When I'm timeblocking, if I see that I don’t, in fact, have the time I need to complete everything I want to do the next day, I am able to prioritize in advance which things I will postpone to a later date because they are less important or urgent. This allows me to avoid a situation where the day is done and the one thing I haven’t completed is the one thing I really needed to do that day. It also allows me to schedule tasks for the most appropriate time of day. For example, I rarely assign myself something really cognitively challenging in the 30 minutes I might have between meetings because I won’t have time to get into a good headspace or in the evening when my brain is tired. 

One other reason I find timeblocking so useful is that it addresses Parkinson's Law. Parkinson’s Law says that “work expands so as to fill the time available for its completion.” What this means is that if you give yourself all day to write a blog post, it will probably take you all day. If you give yourself two hours, it will probably take you two hours. Of course, there’s a limit to this: you probably couldn’t write a blog post in 15 minutes. But as you practice timeblocking and get really good at predicting how long things will take, you will find that you become more efficient with your work. 

Tip #4: Take control of your communications. 

One easy way to waste your time or miss important information is to either spend too long dealing with emails and messages or get so overwhelmed with them all that you pretend they don’t exist in the first place. Here are my three tips for dealing with all your communications:

(1) Set aside a specific time to go through all your communications and do so in a routine fashion.

For me, this is approximately 30 minutes sometime in the morning and 30 minutes sometime in the evening. I go through my email and Signal (the big task) as well as WhatsApp, Facebook, text, Discord messages, Instagram, and Twitter (which is super quick). You may choose to check less often or to check some platforms every day with others less frequently, but whatever you do, have a system for it.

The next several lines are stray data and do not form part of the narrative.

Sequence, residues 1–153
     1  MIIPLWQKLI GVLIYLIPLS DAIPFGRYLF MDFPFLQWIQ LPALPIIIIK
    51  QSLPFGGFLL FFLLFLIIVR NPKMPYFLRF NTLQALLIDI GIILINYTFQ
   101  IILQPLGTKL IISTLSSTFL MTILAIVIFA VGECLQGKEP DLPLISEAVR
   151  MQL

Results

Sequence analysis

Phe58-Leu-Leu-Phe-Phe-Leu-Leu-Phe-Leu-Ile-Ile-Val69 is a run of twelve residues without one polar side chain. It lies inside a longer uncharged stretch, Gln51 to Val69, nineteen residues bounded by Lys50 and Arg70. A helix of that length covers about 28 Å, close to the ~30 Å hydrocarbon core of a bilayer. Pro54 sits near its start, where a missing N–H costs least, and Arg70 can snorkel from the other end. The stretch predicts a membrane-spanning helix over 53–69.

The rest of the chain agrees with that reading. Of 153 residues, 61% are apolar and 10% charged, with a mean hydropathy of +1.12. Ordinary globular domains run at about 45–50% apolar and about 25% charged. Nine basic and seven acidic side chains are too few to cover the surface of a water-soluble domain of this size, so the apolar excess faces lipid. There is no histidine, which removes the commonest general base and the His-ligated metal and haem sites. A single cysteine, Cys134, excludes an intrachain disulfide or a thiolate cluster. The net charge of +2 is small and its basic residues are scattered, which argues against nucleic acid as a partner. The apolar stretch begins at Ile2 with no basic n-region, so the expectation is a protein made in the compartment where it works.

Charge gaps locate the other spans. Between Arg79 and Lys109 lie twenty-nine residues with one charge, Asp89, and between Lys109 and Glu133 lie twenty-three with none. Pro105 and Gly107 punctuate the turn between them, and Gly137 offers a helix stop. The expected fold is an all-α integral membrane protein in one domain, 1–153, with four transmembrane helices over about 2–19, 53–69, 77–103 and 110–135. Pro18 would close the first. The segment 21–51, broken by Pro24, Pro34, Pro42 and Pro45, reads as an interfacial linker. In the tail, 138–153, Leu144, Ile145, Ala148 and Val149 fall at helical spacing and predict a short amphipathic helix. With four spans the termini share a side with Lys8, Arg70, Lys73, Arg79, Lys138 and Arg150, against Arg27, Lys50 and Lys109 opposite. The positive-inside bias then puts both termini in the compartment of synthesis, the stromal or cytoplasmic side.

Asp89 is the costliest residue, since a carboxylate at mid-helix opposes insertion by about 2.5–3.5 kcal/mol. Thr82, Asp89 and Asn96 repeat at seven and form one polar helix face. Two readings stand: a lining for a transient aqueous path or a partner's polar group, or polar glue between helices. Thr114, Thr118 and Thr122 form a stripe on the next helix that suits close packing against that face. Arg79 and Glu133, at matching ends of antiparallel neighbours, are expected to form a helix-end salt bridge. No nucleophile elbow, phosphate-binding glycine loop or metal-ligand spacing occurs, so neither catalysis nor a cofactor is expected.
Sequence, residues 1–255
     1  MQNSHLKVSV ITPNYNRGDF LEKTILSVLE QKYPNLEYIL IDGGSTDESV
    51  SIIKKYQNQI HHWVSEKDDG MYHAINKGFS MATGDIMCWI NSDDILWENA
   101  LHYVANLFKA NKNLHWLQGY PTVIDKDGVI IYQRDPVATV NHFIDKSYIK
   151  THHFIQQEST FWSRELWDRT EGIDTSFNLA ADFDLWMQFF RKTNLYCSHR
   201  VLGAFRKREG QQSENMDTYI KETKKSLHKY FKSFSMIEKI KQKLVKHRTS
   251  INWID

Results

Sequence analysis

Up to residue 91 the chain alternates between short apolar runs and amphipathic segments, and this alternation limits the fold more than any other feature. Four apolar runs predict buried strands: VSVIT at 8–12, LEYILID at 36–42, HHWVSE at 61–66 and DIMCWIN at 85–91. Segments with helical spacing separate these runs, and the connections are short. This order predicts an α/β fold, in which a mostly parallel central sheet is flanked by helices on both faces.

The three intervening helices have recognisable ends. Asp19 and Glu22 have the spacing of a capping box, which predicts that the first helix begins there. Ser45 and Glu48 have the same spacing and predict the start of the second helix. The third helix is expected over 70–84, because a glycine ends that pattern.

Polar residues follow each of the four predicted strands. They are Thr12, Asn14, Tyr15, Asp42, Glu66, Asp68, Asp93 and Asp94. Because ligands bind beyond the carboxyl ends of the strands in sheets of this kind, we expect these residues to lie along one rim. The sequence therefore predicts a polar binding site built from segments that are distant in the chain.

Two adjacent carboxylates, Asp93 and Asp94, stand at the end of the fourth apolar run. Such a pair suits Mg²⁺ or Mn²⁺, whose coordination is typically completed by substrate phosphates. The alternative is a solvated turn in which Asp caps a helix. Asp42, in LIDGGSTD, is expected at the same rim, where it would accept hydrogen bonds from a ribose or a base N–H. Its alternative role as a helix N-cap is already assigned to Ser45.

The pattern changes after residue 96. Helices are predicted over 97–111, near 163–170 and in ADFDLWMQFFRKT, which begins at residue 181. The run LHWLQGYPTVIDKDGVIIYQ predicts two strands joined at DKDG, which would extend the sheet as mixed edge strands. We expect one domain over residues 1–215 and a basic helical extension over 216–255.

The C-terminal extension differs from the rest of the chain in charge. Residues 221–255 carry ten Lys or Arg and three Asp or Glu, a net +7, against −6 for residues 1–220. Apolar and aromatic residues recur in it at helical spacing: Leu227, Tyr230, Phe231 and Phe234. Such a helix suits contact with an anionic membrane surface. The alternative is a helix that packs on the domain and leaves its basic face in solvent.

(2) Use the 4 Ds for each email or message: do, delegate, delete, or defer. 

  1. Do: If dealing with it takes less than two minutes, just do it right away.
  2. Delegate: If you’re not the right person for the task, forward it off to the right party.
  3. Delete: If it’s spam or irrelevant, delete or archive it. 
  4. Defer: If you need to do it and it takes longer than 2 minutes, add it as a task to your task list with an appropriate “do” date.

(3) Once you’ve dealt with an email using one of the 4 Ds, get it out of your inbox! You can archive it or put it in a folder. This is harder to do on messaging apps. In that case, I mark anything I haven’t dealt with as “unread” and view anything that has been read as dealt with. 

Tip #5: Accept that you cannot do everything. 

Many of us could apply some of these tips to use our time more effectively, but at the end of the day, the hours we have are limited and we all need time to relax, take care of ourselves, and sleep. There are days when I wish I had the time to learn Spanish or play the piano, but I have accepted that if I were to do those things I would have to prioritize them over some of the other things I value like running or going to concerts. 

There is no right answer as to what you should prioritize and spend your time doing, but I think it’s important to accept that you cannot do everything. Despite what Instagram might lead you to believe, you cannot do activism 50 hours a week, be a home chef, run a sub-3-hour marathon, and have your art displayed in a professional gallery. Or maybe you can, but I certainly can’t. 

Have a conversation with yourself about what you value most at this point in your life and prioritize making time for that. You can always change it later.